“Cash for Clunkers” Comes to a Screeching Halt | Citizens Against Government Waste

“Cash for Clunkers” Comes to a Screeching Halt

The WasteWatcher

This past June, Congress added $1 billion to the 2009 Supplemental Appropriations Act for the “Consumers Assistance to Recycle and Save Act of 2009”.  Though it had no business appearing in an emergency war funds bill, this “Cash for Clunkers” provision established a new one-year program administered through the Department of Transportation’s (DOT) National Highway Traffic Safety Administration (NHTSA) that gave individuals with older, less fuel efficient cars a credit worth up to $4,500 towards the purchase of a new car that met certain fuel efficiency standards.

Unlike other forms of auto-tax credits, consumers never saw this voucher; dealers received the credit and deducted if from the price of the new car.  Though couched as a provision to boost consumerism and improve environmental standards, “Cash for Clunkers” was really meant to be another auto industry bailout.  However, dealers are now wondering why this bailout has left them holding the bag. 

The program officially kicked off on July 1, but because it took the DOT nearly a month to put 130 pages of rules in place, implement an elaborate computer system, and set up a 250-person phone bank to respond to consumer inquiries, claims could not be filed until July 27.  

The new DOT computer system did not operate smoothly; dealers had great difficulty logging into the system and registering their deals.  The government’s processing website, cars.gov, crashed multiple times, and voucher applications were constantly rejected for even the most minor spelling errors.  The sheer volume of requests seemed to be more than the system, or the 225 dedicated NHTSA staffers for that matter, could handle.  (Now imagine the government attempting to run a national healthcare system. Yikes!). 

While most buyers did, in fact, trade their big gas guzzlers for smaller sedans with an average improvement of 9.6 miles to the gallon, their “clunkers” tended to be older, spare vehicles that were rarely driven in the first place.  Even if these new fuel-efficient vehicles could be classified as legitimate replacements for “clunkers,” swapping 450,000 new cars out of 254 million registered U.S. vehicles will have a miniscule impact at best.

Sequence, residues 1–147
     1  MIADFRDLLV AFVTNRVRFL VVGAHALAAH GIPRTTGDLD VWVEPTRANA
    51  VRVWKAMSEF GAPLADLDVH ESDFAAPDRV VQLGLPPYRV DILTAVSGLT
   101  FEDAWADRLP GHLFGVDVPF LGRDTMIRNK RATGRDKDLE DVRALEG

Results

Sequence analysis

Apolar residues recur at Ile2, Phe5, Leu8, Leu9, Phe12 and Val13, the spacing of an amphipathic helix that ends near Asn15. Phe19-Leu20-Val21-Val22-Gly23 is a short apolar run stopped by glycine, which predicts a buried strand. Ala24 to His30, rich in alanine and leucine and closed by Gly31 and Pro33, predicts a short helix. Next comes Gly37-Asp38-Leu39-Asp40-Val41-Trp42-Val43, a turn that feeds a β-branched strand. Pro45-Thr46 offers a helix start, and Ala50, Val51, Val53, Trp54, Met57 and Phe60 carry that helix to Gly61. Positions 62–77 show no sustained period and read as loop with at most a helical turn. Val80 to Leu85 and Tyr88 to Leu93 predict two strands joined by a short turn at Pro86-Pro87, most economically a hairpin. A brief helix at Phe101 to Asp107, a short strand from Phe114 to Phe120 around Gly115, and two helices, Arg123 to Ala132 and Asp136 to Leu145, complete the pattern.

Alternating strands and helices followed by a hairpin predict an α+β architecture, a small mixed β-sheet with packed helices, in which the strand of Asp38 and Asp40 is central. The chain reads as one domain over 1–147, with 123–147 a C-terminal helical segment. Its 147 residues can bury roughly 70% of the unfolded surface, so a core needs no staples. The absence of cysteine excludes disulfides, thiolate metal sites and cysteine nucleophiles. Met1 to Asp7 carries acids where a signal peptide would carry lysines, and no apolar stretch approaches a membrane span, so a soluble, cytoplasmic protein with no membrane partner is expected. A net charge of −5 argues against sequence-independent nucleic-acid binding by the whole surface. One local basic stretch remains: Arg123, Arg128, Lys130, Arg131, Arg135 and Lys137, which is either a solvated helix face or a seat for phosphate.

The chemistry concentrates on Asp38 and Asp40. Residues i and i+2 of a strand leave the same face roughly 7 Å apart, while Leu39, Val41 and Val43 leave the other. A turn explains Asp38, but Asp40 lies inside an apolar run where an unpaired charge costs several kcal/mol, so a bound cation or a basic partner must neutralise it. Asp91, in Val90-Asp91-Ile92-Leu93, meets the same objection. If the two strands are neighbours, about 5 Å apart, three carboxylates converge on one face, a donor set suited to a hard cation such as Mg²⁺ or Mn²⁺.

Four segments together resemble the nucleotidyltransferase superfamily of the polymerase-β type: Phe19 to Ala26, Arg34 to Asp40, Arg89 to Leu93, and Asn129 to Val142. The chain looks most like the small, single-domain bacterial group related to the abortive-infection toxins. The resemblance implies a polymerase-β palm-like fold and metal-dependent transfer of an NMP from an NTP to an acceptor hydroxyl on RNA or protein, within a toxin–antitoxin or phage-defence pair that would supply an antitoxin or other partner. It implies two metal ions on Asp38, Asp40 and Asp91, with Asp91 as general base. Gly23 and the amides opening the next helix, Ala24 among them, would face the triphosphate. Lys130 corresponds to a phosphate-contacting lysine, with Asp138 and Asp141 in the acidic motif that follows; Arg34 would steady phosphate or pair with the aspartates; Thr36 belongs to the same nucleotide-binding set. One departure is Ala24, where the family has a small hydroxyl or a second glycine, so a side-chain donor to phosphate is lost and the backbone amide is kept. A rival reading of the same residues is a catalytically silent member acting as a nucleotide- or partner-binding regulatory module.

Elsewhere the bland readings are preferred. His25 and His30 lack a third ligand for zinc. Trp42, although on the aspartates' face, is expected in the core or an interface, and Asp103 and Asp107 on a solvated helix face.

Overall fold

The Obama administration touted skyrocketing American car sales, but the limited information released thus far shows that most buyers actually purchased Honda, Toyota, Hyundai, and other foreign vehicles in greater numbers.  

The DOT collected details on 457,000 rebate requests totaling $1.9 billion, but has only approved a small fraction of those requests, leaving angry and frustrated dealers wondering if they will ever recoup their losses.  Not willing to take further financial risks or deal with federal red-tape, many dealers opted out of the “cash for clunkers” program, even despite the influx of new buyers.

Aside from the program’s financial, operational and transparency problems, “Cash for Clunkers” has proved to be quite popular among consumers.  Who wouldn’t want get $4,500 for an old “clunker” of negligible value?  When the program burned through its allotted $1 billion in just one week, lawmakers hastily approved moving an additional $2 billion from a stimulus program that backs loans to renewable-energy companies into the car-repurchase program.  Congress plans to replenish the green energy funds, thereby adding to the federal deficit yet again.

Six weeks and $3 billion dollars later, the program officially ran dry.  The DOT shut “Cash for Clunkers” down at 8 p.m. eastern time on August 24th, with dealers still clinging to their IOUs and Americans bracing themselves for the next profligate federal program.

Erica Gordon

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